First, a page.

|Title||Travelers’ diarrhea and other gastrointestinal symptoms during and after travel among Boston-area international travelers|
|Authors||Stoney RJ, Han PV, Barnett ED, Wilson ME, Jentes ES, Benoit CM, Macleod WB, Hamer DH, Chen LH, for the Boston Area Travel Medicine Network|
|Publication||American Journal of Tropical Medicine and Hygiene. 2017 Mar; 1-12.|
AbstractThis prospective cohort study describes travelers’ diarrhea (TD) and non-TD gastrointestinal (GI) symptoms among international travelers from the Boston area, the association of TD with traveler characteristics and dietary practices, use of prescribed antidiarrheal medications, and the impact of TD and non-TD GI symptoms on planned activities during and after travel. We included adults who received a pretravel consultation at three Boston-area travel clinics and who completed a three-part survey: pretravel, during travel, and posttravel (2–4 weeks after return). TD was defined as self-reported diarrhea with or without nausea/vomiting, abdominal pain, or fever. Demographic and travel characteristics were evaluated by X2 test for categorical and Wilcoxon rank-sum test for continuous variables. Analysis of dietary practices used logistic generalized estimating equation models or logistic regression models. Of 628 travelers, 208 (33%) experienced TD and 45 (7%) experienced non-TD GI symptoms. Of 208 with TD, 128 (64%), 71 (36%), and 123 (62%) were prescribed ciprofloxacin, azithromycin, and/or loperamide before travel, respectively. Thirty-nine (36%) of 108 took ciprofloxacin, 20 (38%) of 55 took azithromycin, and 28 (28%) of 99 took loperamide during travel. Of 172 with TD during travel, 24% stopped planned activities, and 2% were hospitalized. Of 31 with non-TD GI symptoms during travel, six (13%) stopped planned activities. International travelers continue to experience diarrhea and other GI symptoms, resulting in disruption of planned activities and health-care visits for some. Although these illnesses resulted in interruption of travel plans, a relatively small proportion took prescribed antibiotics.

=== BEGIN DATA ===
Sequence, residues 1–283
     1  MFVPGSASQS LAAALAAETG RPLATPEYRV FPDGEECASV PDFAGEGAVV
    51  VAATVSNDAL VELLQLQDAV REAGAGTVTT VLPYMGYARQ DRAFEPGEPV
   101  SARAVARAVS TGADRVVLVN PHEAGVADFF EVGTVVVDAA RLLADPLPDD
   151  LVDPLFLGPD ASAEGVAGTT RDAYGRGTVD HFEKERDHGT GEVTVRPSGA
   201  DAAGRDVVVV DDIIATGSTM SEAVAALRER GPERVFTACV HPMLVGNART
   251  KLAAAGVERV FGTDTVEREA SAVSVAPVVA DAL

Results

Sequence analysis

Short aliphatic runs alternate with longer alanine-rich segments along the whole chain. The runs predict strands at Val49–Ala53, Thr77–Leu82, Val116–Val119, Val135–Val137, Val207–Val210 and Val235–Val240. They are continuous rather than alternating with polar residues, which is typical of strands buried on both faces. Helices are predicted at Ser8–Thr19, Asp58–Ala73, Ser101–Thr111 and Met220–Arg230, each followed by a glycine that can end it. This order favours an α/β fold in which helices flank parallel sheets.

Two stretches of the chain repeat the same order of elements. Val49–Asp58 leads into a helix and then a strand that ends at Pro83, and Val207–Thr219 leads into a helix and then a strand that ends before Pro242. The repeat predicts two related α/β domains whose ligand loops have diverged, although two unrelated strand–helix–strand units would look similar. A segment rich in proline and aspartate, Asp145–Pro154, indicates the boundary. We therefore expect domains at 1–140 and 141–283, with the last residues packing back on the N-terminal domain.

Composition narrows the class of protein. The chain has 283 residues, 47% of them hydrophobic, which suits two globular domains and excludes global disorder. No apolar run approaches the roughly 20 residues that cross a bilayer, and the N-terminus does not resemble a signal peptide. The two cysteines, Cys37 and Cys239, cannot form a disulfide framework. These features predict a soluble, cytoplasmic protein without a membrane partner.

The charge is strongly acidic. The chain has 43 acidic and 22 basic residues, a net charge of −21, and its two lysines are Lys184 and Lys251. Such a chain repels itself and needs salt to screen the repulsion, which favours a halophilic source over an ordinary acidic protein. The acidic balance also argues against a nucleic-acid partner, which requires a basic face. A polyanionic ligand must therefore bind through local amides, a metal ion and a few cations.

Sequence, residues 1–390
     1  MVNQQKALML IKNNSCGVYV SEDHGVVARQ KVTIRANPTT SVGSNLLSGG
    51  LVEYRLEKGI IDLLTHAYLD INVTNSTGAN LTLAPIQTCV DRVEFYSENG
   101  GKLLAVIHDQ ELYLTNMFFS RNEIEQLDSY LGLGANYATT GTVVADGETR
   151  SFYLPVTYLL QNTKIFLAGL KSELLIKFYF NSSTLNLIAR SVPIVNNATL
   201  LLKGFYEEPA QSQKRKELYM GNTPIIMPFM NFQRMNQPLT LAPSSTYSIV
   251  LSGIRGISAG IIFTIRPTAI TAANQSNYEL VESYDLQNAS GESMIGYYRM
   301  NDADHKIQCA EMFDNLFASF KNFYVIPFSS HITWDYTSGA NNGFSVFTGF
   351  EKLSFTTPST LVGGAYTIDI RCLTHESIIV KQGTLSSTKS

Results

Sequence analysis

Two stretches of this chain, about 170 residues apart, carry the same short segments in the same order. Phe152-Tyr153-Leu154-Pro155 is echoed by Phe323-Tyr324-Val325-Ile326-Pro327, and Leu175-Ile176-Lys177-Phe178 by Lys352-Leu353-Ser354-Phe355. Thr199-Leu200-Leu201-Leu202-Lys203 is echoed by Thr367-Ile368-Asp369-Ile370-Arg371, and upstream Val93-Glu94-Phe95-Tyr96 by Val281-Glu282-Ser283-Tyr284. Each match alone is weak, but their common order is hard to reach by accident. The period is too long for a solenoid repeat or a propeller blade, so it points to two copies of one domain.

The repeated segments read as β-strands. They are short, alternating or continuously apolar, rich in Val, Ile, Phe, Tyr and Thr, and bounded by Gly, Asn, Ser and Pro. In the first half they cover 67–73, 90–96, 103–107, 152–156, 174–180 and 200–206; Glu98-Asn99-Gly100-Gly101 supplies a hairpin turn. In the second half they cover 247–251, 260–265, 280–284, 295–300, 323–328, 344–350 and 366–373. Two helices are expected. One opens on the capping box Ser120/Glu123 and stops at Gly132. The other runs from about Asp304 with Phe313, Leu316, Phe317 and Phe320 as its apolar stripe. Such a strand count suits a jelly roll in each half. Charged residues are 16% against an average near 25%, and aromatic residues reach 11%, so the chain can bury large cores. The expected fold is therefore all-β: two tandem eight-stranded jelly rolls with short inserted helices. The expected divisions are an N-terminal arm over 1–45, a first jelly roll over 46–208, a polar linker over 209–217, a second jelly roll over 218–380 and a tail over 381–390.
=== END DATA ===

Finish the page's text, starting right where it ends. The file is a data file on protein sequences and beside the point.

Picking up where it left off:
|Related Projects||Knowledge, Attitudes, and Practices of Travelers in the Boston Area Travel Medicine Network (BATMN)|